Next, the Veritas awards ceremony is generous with honor. Around twenty awards are given out, which I think neither stingy nor prodigal. I have been to schools where the end of the year awards ceremony acknowledged every student who made the dean’s list, every student who made honor roll, every student who had perfect attendance, every student in the National Honor Society, and the ceremony was interminable because forty students were called to the stage four different times to collect a certificate. If a school is giving out so many awards that no one can remember who won what an hour later, it’s giving out way too many. If you’ve got to say, “Hold your applause for the end, we’ve got to finish this thing before midnight,” on multiple occasions, the honor you’re giving out isn’t real honor.

The most significant awards Veritas gives are known as “the departmental book awards.” Each department (languages, performing arts, math, and so forth) chooses one student whose zeal, talent, and commitment to that subject is exemplary. As opposed to handing this student a trophy or plaque, the humanities department or math department chooses a book for that student which will intrigue, delight, and further their interest in the subject. It’s fitting for a classical school to give out books as prizes if only because a book stands a much better chance of lasting than a trophy. At 41, I have zero certificates I was given in high school, but I still have the book my high school English teacher (now my mother-in-law) gave me when I graduated.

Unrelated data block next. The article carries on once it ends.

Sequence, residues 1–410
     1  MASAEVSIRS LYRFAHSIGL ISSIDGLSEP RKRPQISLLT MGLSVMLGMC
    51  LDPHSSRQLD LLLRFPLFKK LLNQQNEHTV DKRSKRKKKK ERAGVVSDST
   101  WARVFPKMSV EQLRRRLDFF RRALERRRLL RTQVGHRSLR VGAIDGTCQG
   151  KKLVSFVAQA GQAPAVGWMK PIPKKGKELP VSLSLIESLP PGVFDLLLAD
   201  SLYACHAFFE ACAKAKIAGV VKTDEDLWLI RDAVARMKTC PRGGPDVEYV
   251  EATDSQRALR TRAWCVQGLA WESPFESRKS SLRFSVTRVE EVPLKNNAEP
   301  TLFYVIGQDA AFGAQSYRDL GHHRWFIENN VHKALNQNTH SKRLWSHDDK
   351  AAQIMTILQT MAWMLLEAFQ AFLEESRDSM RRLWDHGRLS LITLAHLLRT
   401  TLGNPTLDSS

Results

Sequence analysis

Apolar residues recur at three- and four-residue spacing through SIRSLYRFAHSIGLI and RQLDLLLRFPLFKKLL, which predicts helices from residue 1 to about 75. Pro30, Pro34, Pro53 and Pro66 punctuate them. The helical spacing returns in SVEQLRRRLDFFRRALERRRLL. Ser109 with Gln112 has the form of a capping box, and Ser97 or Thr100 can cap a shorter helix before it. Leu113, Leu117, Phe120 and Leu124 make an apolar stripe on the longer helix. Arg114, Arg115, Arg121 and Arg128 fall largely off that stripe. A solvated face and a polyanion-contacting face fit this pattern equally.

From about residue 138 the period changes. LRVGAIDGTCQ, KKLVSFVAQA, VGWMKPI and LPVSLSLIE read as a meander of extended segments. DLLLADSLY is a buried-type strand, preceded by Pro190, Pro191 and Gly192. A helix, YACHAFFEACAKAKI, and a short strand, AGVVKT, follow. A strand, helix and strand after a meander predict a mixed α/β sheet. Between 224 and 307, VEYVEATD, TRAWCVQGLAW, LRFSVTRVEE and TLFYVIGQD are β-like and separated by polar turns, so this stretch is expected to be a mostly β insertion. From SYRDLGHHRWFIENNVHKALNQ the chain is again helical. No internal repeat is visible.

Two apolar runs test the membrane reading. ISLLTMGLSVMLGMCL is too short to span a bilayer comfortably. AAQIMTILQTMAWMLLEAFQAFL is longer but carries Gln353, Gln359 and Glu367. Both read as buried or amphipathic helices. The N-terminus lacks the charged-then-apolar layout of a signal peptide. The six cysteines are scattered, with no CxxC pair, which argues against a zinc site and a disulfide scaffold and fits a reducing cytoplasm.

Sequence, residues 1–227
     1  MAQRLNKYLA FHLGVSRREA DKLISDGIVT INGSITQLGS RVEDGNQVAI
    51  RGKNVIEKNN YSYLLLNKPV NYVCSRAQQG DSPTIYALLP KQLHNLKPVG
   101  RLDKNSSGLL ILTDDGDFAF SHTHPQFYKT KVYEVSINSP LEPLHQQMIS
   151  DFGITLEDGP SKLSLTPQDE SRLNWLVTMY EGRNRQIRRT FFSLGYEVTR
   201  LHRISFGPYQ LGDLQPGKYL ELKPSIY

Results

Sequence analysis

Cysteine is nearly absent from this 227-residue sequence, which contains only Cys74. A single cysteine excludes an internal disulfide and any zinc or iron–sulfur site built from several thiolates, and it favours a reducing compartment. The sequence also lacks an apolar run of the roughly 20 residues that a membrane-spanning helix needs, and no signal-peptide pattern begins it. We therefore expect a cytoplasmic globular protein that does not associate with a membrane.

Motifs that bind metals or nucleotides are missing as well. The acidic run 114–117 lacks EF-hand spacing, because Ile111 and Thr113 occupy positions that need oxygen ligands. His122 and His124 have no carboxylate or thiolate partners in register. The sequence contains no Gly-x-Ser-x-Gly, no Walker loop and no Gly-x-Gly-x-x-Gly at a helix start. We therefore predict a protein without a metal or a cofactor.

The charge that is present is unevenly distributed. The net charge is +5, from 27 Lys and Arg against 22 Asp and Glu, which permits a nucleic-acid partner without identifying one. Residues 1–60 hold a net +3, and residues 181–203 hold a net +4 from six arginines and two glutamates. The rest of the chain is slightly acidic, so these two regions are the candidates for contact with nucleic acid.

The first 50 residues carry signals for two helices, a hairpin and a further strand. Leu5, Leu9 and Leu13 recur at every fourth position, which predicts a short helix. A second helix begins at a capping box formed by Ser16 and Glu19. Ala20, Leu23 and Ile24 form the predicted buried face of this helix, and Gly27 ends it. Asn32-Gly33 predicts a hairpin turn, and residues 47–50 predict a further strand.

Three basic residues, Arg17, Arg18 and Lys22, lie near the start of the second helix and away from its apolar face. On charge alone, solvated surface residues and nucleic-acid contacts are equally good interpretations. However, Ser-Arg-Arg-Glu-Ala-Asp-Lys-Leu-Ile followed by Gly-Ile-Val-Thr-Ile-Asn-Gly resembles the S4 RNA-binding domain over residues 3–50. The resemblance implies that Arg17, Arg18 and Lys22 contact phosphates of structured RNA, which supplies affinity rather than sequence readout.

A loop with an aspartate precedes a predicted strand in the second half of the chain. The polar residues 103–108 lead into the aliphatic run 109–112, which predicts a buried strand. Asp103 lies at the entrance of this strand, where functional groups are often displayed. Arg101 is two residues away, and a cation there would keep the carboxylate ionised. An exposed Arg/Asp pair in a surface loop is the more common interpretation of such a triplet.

Each of the departmental book awards is given out by a faculty member who takes the stage and praises the student who has won the award. The praise is often rendered is slightly veiled terms (“This year, the science book award goes to a student who has…”) and students look at each other, whisper names like questions, and try to figure out who is being described before their name is given in the end. This small infusion of drama into the proceedings goes a long way into making the event fun—which shouldn’t be a priority, but I feel like our ceremony comes by it honestly.